Shooting an air ball on a free-throw attempt is the only blunder Kyle Rudolph considers comparable to what he did two weeks ago at Oakland.
“But even that is just one point, not six points,” the Vikings tight end said. “So there’s not really anything in my sports career I could compare it to.”
Rudolph was referring to an embarrassing play on which quarterback Teddy Bridgewater rolled right on a second-and-goal from the 2-yard line late in the first quarter and threw a strike to his wide-open target. Fullback Zach Line lifted his arms to signal touchdown. The only problem? Rudolph came down from his leap without the football.
After a week of jokes and punishing himself, Rudolph redeemed himself. He had a career-best 106 receiving yards, highlighted by a career-long 47-yard touchdown reception, on Sunday against Green Bay, although the Vikings lost 30-13.
After the first-quarter scoring pass gave the Vikings a 6-3 lead, Bridgewater jogged 50 yards downfield to celebrate with his tight end. Rudolph reminded his quarterback, “I told him I’d get him back [after that drop].”
“He was still beating himself up all week last week about the missed opportunity in the end zone,” Bridgewater said. “He’s a guy who takes pride in being right and catching the football every time it comes his way, and he made up this week. He played big for us.”
Rudolph, in his fifth year out of Notre Dame, pulled in the over-the-shoulder catch the first time he was targeted and separated from Packers safety Micah Hyde for 29 yards and the touchdown after the completion. Rudolph was targeted nine times in the game and had six catches, including a 33-yarder to help set up the Vikings’ second touchdown.
“He’s a big body who can win matchups vs. safeties, and he’s very athletic,” Bridgewater said, “so when you get him on those matchups with linebackers, it’s an advantage to us. … Kyle not only helps out on the passing game being a big target but also on the run game. He’s down there blocking defensive ends, digging out linebackers and safeties. He’s a huge part of this offense.”
The Vikings signed Rudolph to a five-year contract valued up to $40 million during training camp in 2014 despite a history of injuries. He was the Pro Bowl MVP after his rookie season, and caught a career-high 53 passes in 2012 before injury-riddled seasons in 2013 and 2014.
Rudolph had only 23 catches for 182 yards through the first nine games this season, but coach Mike Zimmer and offensive coordinator Norv Turner found valuable duties for him. The 6-6, 265-pounder has been used on more than half (50.7 percent) of his snaps as a run or pass blocker, according to Pro Football Focus. In the 276 times he’s been a receiver, he’s caught 29 passes, while being targeted 45 times. He leads the team with four touchdown receptions.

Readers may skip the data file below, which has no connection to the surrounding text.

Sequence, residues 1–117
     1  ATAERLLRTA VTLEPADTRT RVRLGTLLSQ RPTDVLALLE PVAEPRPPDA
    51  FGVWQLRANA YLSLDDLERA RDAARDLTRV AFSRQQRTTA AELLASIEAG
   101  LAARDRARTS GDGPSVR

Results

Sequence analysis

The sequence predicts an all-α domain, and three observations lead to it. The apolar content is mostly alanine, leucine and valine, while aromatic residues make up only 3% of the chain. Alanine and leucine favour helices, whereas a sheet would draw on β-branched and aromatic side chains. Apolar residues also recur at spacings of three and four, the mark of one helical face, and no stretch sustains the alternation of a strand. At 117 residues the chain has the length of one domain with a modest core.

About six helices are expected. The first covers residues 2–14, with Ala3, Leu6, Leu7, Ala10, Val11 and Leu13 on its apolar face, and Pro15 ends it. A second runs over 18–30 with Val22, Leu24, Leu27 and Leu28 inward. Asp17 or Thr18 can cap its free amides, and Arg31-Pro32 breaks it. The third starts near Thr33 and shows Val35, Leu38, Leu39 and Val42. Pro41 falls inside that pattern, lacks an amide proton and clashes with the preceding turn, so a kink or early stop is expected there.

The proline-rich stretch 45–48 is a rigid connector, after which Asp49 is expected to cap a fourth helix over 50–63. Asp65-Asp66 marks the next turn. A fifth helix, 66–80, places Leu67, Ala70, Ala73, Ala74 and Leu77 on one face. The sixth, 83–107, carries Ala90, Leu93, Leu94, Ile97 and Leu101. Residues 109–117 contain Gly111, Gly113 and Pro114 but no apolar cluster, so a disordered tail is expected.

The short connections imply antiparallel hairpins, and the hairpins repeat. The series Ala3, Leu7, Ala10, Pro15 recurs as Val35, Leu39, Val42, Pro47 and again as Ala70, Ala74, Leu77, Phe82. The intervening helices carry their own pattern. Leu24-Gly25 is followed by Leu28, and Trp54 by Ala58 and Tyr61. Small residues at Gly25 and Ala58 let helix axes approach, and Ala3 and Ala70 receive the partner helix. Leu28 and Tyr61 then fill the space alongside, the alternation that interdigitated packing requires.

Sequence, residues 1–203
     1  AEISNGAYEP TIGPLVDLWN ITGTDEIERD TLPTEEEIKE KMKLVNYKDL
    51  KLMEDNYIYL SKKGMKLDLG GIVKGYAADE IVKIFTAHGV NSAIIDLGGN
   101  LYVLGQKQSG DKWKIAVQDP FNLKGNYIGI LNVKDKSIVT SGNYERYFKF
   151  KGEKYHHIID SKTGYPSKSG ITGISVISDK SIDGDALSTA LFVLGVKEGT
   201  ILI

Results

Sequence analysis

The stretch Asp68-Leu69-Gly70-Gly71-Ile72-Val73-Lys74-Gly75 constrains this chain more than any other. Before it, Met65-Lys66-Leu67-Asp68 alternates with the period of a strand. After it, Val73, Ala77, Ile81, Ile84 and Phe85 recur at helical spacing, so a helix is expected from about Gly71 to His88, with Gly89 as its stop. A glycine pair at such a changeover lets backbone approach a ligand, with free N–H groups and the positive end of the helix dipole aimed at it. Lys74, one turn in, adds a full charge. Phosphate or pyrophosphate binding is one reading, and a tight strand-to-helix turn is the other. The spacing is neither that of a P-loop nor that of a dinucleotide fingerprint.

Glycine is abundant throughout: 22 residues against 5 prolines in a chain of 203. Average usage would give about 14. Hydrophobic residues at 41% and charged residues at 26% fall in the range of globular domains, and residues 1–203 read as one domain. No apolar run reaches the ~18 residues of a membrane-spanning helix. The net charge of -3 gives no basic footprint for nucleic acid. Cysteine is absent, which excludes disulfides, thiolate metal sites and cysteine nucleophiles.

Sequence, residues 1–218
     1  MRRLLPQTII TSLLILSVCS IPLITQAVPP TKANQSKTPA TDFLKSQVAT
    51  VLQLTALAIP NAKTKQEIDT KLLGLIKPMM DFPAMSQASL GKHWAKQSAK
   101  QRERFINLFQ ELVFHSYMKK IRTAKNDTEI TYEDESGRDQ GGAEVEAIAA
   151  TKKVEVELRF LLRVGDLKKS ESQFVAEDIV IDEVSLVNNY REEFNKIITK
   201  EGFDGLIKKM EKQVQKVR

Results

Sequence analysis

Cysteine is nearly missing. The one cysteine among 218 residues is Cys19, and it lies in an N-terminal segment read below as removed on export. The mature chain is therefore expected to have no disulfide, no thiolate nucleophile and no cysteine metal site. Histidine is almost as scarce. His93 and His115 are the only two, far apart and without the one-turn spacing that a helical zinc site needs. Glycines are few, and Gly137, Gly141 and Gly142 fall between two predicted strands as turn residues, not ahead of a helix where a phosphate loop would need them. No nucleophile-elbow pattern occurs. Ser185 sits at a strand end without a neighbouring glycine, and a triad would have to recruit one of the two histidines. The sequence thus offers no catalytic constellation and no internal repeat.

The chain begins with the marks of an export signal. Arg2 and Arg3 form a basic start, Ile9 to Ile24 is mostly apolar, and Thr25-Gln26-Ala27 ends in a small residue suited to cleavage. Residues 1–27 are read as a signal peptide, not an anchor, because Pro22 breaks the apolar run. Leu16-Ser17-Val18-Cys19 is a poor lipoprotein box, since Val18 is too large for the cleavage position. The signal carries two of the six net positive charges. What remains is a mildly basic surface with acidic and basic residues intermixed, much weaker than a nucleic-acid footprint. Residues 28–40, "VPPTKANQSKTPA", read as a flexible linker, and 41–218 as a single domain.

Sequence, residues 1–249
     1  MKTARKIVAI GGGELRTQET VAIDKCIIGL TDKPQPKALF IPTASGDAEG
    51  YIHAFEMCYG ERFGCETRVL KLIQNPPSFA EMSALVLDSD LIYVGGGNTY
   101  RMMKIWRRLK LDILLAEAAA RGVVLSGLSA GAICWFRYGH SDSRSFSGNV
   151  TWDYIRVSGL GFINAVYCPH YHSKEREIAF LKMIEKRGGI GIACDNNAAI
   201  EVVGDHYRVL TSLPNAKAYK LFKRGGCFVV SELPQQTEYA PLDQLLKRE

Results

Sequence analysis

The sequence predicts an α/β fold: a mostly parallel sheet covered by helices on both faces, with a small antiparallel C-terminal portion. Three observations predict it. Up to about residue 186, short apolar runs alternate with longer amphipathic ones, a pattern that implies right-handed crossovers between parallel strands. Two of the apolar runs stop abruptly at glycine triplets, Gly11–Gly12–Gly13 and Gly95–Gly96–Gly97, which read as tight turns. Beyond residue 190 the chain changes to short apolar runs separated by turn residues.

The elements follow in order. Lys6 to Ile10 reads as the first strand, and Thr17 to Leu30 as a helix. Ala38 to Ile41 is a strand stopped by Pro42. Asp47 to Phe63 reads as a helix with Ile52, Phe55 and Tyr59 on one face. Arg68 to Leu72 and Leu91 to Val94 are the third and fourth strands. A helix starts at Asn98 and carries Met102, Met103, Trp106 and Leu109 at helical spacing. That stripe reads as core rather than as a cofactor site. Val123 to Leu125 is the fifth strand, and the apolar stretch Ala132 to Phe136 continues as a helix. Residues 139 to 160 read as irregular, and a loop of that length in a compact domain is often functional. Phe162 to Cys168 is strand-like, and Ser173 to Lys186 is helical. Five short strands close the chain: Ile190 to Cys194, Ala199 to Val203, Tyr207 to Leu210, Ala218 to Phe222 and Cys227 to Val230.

“I’m called upon to do a bunch of different things every week, and I’m just happy when my number is called in the passing game to be able to make plays,” Rudolph said. “That’s what I’ve been best at my whole life. That’s what comes natural to me. The blocking, the pass protection, all that stuff is what I have to work on every week.”
When asked how Rudolph was handling his role, Zimmer said: “He’s been good. Kyle is a great kid, he works hard, he understands really what we’re trying to get done. I’m really proud of him, the way he has handled everything this year.”
While most fans will only remember Rudolph’s drop and the field goal the Vikings had to settle for in the Oakland game, he and the Vikings coaching staff were focused on the run blocking provided by Rudolph and fellow tight ends MyCole Pruitt and Rhett Ellison against the Raiders. The Vikings rushed for a season-high 263 yards, highlighted by an 80-yard touchdown run by Adrian Peterson.
“I almost take more pride in [blocking] because everyone says I can’t do it,” Rudolph said. “Everyone knows I can run around and catch balls, but everyone tells me how bad I am at blocking and how bad my pass protection is, so when I go out there and play a big part in 260 yards rushing, I take pride in that. … Just wearing [the defenders] down and seeing that throughout the course of the game when you keep pounding on a team and then [Peterson] breaks an 80-yarder in the fourth quarter and it was directly behind all three of the tight ends. … Not a lot of guys are doing that anymore.”